India and Pakistan are natural and cultural allies, and anyone coming in the way of peace is a foe to both. Besides shared history of almost 5000 years and culture, the impact of climate change also remains common. In the late September this year, Foreign Minister-level talks between India and Pakistan on sidelines of UNGA session in New York were disrupted after the tensions escalated in the disputed Jammu & Kashmir territory followed by the exchange of harsh remarks from both sides of the border on Twitter and through number of press conferences. The recent standoff between the two Asian nuclear-armed neighbors pointing out nukes at each other has already put the region at the risk of an apocalypse. Today, the world is not 196 countries, it’s just one country itself. ‘Our problems’ are no more ‘ours’, ‘their problems’ are no more ‘theirs’. Wars only (temporarily) benefit those selling weapons and not any of the parties involved. Unfortunately, South Asia is also among of the world’s most disconnected regions with very low trade among the countries despite appreciable potential.
What are the problems being faced by a common South Asian today?
According to the World Health Organization (WHO), 9 out of the world’s most polluted cities are in South Asia. The continuous greenhouse gas (GHG) emissions are the reasons why the world is heading towards ‘global warming’. In 2015, about 1300 people died in southern Pakistan because of heatwaves according to the BBC World News while more than 1800 died in India’s deadliest heatwaves since 1979 as per a report by Quartz India. Hottest April day was recorded this year in Pakistan’s Nawabshah when the temperature exceeded 122 degrees Fahrenheit. The world’s climate continues to change, and hence, the situation continues to worsen.
What must be done?
Twitter war is a quiet impractical approach and will only lead to further tensions. The current situation is not helping either of the two countries in any way. Today, we must not talk about war, but nuclear disarmament of the planet. Our problems continue to increase, while we care less to resolve any of them through any means possible. The best way is to reach out to each other. We must talk about bridging the gaps between the countries through arts, science and literature. Dialogue is a way forward and is the best opportunity to resolve all the outstanding issues. Listen to others and have your say, and this will work. Criticism on the (regional) policies of a state by the other state is not unfavorable at all, but that must not bar the one criticizing from reaching out to the other being criticized.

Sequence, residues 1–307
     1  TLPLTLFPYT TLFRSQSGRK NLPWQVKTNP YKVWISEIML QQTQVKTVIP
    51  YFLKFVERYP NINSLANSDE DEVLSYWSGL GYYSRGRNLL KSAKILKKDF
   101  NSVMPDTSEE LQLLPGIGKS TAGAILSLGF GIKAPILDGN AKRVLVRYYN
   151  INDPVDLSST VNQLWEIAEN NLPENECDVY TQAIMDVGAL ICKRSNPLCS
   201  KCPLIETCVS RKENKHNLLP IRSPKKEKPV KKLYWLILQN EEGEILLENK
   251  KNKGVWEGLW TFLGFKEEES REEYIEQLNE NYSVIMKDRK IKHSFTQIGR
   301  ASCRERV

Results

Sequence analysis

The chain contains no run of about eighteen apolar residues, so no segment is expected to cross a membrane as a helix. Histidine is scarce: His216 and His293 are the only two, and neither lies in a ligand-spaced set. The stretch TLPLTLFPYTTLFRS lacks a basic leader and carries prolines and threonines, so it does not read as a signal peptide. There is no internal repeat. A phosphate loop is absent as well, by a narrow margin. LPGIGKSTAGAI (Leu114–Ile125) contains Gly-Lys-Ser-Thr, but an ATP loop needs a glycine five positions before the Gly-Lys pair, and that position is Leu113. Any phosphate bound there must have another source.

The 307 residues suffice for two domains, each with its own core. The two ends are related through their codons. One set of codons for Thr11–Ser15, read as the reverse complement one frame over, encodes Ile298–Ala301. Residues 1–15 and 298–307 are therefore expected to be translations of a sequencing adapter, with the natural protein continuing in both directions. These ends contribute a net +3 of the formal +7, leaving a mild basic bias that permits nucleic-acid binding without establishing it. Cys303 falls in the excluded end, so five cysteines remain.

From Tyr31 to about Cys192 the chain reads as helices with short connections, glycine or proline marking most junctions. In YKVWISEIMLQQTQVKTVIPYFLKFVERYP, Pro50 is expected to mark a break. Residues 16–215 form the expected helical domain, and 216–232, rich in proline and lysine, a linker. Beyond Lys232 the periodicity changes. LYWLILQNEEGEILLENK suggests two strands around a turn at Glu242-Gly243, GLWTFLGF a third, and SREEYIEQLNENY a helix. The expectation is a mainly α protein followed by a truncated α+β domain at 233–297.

Despite tensions, India has continued to easily grant visas to the Pakistani nationals for medical treatment and Pakistan has remained one of the largest markets for Bollywood, so to give coordination on climate change a chance must not be problem too. And, cooperation must not be limited to just the two countries.
Climate change knows no boundaries. Like international cooperation, regional cooperation to addressing the climate change and increasing pollution is the need of the time. The emissions of greenhouse gases (GHGs) can be reduced to new lower levels through partnerships, change in policies and literacy. It is possible to win without a war. The citizens of both the countries have the power to compel both the governments to continue to work together, and social media is one such platforms to voice.
Like European Union, Indian subcontinent can have its own emission standards endorsed by Afghanistan, Bangladesh, Bhutan, India, Maldives, Nepal, Pakistan and Sri Lanka that define the acceptable limits of exhaust emissions for passenger cars, light commercial vehicles, trucks and buses, heavy goods vehicles and off-road vehicles. Each region in the world is supposed to respond to the climate change adequately in the best ways possible and this struggle in abiding by the historic Paris Agreement is therefore, divided among the regions of the world. Annual regional summits organized under the banner of South Asian Association for Regional Cooperation (SAARC) to address the issues relating elevating temperatures of the region and the world, will be a means of communication and dialogue between the governments and to monitor the progress on knocking down emissions and analyze if the targets previously identified have been achieved or not. Through cooperation, mechanisms can be set to transform the economy of the region into more sustainable and ecofriendly one.
Education is the primary step in addressing the issues, because issues can never be resolved without being properly identified. Also, very unfortunately, many South Asians are unaware of global warming and its detrimental effects on us. Universities in India and Pakistan should build awareness among the South Asian students and sponsor them for climate change literacy projects, have short courses/programs on climate change education for all and run green campaigns.
By setting examples, South Asia might also be able to motivate the neighboring Middle East. But, all this is not possible without mutual understanding through better communication. Rather than heavily spending on its military, every state should spend more on education, science, human development and sustainability. The leadership of today’s world must think of shaping a brighter future together so that they can leave a healthier and safer planet for the future generations of homo sapiens. Because, those who know more are responsible more.
Global warming is a global challenge and cannot be adequately addressed without global cooperation and global will that would require global efforts.
“There are two problems for our species’ survival – nuclear war and environmental catastrophe – and we are hurtling towards them. Knowingly.”
– Noam Chomsky